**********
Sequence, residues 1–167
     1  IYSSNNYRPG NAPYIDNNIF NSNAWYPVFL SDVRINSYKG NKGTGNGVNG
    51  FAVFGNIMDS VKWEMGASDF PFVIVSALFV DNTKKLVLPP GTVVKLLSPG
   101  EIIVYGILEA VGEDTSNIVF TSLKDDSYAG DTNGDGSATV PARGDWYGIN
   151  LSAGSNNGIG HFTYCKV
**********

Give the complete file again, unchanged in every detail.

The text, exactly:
Sequence, residues 1–167
     1  IYSSNNYRPG NAPYIDNNIF NSNAWYPVFL SDVRINSYKG NKGTGNGVNG
    51  FAVFGNIMDS VKWEMGASDF PFVIVSALFV DNTKKLVLPP GTVVKLLSPG
   101  EIIVYGILEA VGEDTSNIVF TSLKDDSYAG DTNGDGSATV PARGDWYGIN
   151  LSAGSNNGIG HFTYCKV